Venturelli had been to Scripps before and hopes to teach at a university some day. She enjoyed seeing an awakening in her fellow Sycamores.

"For me, one of the best things about the trip was being able to see that moment of realization in Matt and Chris -- that they realized they are doing something really cool with their lives," she said. "It's really an awesome opportunity for undergrads to take this trip, because it not only opens their eyes to another whole world of science and field work, but it also helps them prioritize things."

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Photos: http://www.smugmug.com/photos/i-wFmjtRq/0/XL/i-wFmjtRq-XL.jpg -- Indiana State students Chris Lane, Ryan Venturelli and Matt Bly pose for a picture aboard the R/V Robert Gordon Sproul, a Scripps research vessel, off the California coast.

http://www.smugmug.com/photos/i-hshqJJT/0/XL/i-hshqJJT-XL.jpg -- Indiana State students Chris Lane and Matt Bly reach into the touch tanks at the Birch Aquarium in San Diego.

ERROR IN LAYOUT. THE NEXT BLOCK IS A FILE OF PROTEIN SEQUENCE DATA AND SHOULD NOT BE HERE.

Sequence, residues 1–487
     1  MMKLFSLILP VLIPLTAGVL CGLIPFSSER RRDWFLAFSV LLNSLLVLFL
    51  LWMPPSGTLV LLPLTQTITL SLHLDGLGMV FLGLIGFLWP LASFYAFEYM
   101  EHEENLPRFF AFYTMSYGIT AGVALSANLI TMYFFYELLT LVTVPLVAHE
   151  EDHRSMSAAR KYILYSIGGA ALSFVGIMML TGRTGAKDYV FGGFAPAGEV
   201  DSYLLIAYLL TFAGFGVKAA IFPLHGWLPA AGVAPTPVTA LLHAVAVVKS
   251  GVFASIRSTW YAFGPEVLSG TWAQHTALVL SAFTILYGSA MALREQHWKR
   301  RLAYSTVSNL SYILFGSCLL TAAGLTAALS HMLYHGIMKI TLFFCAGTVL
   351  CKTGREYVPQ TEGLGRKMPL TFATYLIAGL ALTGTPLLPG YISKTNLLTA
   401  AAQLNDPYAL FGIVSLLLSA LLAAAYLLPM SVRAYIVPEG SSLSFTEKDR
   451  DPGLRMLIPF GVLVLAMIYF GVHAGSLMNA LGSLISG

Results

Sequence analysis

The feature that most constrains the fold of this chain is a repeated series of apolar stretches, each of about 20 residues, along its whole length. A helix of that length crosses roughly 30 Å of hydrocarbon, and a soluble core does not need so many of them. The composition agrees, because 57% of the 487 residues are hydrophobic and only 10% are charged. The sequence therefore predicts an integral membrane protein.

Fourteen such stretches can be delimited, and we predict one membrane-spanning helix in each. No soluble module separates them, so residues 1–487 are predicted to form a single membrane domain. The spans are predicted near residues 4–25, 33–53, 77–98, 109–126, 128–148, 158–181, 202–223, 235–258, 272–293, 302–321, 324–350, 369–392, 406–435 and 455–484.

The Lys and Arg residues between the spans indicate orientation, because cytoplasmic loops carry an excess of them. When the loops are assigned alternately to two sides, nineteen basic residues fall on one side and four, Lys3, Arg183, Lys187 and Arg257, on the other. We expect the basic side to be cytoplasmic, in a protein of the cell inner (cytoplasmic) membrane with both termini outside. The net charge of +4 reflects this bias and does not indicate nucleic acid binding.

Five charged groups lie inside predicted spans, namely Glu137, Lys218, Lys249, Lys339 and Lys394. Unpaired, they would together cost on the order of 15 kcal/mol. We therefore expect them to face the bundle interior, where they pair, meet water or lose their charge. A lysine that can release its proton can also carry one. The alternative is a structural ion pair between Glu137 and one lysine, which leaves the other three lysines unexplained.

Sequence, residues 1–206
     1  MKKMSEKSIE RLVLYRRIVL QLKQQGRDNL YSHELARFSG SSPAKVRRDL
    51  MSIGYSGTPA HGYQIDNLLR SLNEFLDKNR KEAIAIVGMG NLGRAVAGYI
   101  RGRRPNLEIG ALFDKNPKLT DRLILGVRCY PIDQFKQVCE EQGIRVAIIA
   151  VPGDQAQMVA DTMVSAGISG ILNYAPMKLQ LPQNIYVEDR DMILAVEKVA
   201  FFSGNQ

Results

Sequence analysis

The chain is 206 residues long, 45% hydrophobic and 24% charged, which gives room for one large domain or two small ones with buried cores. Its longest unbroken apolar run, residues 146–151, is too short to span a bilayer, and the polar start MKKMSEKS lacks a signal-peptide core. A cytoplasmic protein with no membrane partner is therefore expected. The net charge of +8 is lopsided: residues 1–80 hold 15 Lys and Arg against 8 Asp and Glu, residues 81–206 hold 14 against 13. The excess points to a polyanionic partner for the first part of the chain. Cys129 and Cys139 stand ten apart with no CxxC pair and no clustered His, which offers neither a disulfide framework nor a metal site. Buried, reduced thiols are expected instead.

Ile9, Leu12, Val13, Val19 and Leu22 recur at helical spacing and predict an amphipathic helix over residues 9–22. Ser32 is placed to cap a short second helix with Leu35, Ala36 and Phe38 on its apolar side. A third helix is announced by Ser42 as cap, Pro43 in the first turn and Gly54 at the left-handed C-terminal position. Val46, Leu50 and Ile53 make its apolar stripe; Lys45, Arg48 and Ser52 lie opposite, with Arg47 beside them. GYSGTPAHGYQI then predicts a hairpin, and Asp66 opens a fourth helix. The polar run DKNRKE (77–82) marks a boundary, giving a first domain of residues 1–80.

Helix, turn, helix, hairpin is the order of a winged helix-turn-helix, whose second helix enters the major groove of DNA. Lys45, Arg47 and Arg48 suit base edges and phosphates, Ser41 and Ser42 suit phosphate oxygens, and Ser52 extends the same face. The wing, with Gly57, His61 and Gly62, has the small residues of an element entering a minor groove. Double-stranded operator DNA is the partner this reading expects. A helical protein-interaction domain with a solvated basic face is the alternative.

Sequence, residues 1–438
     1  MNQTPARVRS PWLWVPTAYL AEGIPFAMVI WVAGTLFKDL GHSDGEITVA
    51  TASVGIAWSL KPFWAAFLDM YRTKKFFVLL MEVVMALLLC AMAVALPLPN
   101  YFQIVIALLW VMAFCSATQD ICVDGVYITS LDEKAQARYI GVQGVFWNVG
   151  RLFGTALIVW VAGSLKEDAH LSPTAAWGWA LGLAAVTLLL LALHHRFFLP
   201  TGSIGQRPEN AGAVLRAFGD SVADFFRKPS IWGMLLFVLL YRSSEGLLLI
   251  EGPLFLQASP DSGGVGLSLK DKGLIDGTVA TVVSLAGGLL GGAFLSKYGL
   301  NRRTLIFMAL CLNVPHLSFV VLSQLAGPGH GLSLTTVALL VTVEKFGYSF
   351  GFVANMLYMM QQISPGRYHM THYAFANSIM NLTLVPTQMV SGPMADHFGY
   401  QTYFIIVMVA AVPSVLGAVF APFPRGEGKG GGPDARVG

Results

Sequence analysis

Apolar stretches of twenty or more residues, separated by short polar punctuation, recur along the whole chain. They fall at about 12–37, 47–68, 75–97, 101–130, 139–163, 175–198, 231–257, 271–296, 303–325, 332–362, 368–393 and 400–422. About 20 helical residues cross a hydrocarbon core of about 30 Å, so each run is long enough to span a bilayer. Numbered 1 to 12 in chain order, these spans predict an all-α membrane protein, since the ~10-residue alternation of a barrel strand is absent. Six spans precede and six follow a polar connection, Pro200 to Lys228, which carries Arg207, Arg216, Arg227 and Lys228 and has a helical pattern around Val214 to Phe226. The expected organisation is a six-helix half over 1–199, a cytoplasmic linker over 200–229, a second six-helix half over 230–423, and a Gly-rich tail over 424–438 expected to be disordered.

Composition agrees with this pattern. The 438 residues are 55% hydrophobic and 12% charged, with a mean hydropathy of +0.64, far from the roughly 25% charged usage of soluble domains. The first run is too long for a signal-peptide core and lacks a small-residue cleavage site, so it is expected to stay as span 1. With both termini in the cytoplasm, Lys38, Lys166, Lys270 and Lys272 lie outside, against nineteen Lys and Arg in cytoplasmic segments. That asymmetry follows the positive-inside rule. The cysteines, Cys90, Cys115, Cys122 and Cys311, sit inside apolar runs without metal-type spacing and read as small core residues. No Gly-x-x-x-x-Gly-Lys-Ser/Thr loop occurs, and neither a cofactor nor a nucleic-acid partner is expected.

http://www.smugmug.com/photos/i-6ftzp4W/0/XL/i-6ftzp4W-XL.jpg -- Indiana State graduate student Ryan Venturelli holds a sediment sample while aboard a Scripps research vessel off the California coast.

http://www.smugmug.com/photos/i-NGdK735/0/XL/i-NGdK735-XL.jpg -- Indiana State students Chris Lane and Matt Bly look at fish and kelp at the Birch Aquarium in San Diego before experiencing this ecosystem first-hand while snorkeling off the coast.

Contact: Tony Rathburn, professor of geology at Indiana State, 812-237-2269 or Tony.Rathburn@indstate.edu

Writer: Libby Roerig, media relations assistant director, Office of Communications and Marketing, Indiana State University, 812-237-3790 or libby.roerig@indstate.edu

Story Highlights

Three Indiana State University students jetted to San Diego recently to get an up-close look at oceanographic research and specimen collection at Scripps.